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A Levy process is a stochastic process with stationary, independent increments. These processes have a lot of structure - partly due to the Levy-Khintchine theorem. This says that the Fourier transform of the transition density of a Levy process has a particularly nice form, and has lead to many applications of fourier theory to finance.

All non-Brownian Levy processes have heavier tails than Brownian motion. They are semimartingales, and thus one can define a sensible notion of stochastic integration with respect to a Levy process. As such, they make nice models for log asset proce price processes, though they have many other applications in finance.

Take a look at Cont and Tankov's book - it's probably the friendliest introduction to Levy process I've seen. Other more theoretical books include those of Kyprianou, Applebaum and Sato (in approximate order of difficulty).

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A Levy process is a stochastic process with stationary, independent increments. These processes have a lot of structure - partly due to the Levy-Khintchine theorem. This says that the Fourier transform of the transition density of a Levy process has a particularly nice structureform, and has lead to many applications of spectral fourier theory to finance.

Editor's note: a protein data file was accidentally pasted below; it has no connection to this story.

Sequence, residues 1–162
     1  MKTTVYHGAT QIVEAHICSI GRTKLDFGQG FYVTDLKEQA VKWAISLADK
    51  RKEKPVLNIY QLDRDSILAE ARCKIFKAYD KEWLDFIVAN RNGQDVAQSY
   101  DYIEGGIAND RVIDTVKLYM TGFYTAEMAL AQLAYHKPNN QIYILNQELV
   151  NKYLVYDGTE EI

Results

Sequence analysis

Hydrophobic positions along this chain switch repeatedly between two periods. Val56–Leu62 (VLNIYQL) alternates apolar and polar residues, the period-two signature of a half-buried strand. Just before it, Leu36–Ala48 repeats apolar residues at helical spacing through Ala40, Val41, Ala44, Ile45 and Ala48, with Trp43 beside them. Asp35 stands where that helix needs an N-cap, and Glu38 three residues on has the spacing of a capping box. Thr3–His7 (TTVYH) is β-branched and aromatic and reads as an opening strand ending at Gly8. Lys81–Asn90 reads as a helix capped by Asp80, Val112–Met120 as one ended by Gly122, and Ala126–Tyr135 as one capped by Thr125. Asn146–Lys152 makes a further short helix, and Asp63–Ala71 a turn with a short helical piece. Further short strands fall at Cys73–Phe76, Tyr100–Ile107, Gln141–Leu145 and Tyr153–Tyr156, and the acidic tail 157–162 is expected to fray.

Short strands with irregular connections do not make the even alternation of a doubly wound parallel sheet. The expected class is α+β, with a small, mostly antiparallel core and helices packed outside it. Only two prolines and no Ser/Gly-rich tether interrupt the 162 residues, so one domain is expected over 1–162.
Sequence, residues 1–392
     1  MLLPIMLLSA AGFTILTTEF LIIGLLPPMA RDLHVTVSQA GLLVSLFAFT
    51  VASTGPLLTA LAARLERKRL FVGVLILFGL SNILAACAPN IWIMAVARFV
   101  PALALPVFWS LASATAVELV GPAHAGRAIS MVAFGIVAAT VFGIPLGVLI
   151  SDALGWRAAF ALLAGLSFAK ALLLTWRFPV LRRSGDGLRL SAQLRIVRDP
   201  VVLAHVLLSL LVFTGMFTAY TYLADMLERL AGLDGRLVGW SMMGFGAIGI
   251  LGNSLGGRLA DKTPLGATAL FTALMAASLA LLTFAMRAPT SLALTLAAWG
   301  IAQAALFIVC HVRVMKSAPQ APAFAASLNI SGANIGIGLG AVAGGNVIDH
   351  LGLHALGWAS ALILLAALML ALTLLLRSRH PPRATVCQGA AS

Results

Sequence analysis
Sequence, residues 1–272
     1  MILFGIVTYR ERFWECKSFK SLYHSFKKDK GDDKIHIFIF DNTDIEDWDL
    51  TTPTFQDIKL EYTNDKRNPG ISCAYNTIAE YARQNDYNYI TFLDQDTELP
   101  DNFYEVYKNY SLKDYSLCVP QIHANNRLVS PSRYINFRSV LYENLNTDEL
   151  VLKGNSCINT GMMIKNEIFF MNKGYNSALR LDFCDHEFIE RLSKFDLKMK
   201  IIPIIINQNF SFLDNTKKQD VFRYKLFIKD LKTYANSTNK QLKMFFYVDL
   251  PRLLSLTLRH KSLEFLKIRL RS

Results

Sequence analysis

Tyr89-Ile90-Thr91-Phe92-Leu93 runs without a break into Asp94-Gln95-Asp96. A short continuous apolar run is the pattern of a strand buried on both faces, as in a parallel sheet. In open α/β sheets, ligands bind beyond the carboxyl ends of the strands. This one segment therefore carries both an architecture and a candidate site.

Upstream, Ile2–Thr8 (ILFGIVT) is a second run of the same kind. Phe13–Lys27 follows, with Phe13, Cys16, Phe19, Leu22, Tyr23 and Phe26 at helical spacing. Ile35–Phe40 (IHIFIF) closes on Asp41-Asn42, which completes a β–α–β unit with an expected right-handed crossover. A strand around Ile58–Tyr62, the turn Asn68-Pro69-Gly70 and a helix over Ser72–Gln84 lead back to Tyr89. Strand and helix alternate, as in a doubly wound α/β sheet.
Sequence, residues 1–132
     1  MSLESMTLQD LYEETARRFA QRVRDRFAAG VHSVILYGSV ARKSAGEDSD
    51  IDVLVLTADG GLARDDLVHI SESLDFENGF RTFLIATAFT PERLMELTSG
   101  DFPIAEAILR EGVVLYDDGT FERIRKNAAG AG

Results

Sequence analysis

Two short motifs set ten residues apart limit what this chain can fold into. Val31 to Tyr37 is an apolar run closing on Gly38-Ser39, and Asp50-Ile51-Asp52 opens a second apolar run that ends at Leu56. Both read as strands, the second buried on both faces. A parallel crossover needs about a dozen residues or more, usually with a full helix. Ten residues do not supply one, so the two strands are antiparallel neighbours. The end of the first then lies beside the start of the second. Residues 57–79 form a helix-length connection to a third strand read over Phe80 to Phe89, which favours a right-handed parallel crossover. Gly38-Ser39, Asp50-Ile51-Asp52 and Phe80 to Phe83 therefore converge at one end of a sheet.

All non-Brownian Levy processes have heavier tails than Brownian motion. They are semimartingales, and thus one can define a sensible notion of stochastic integration with respect to a Levy process. As such, they make nice models for log asset proce processes, though they have many other applications in finance.

Take a look at Cont and Tankov's book - it's probably the friendliest introduction to Levy process I've seen. Other more theoretical books include those of Kyprianou, Applebaum and Sato (in approximate order of difficulty).

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A Levy process is a stochastic process with stationary, independent increments. These processes have a lot of structure - partly due to the Levy-Khintchine theorem. This says that the Fourier transform of the transition density of a Levy process has a particularly nice structure, and has lead to many applications of spectral theory to finance.

All non-Brownian Levy processes have heavier tails than Brownian motion. They are semimartingales, and thus one can define a sensible notion of stochastic integration with respect to a Levy process. As such, they make nice models for log asset proce processes, though they have many other applications in finance.

Take a look at Cont and Tankov's book - it's probably the friendliest introduction to Levy process I've seen. Other more theoretical books include those of Kyprianou, Applebaum and Sato (in approximate order of difficulty).

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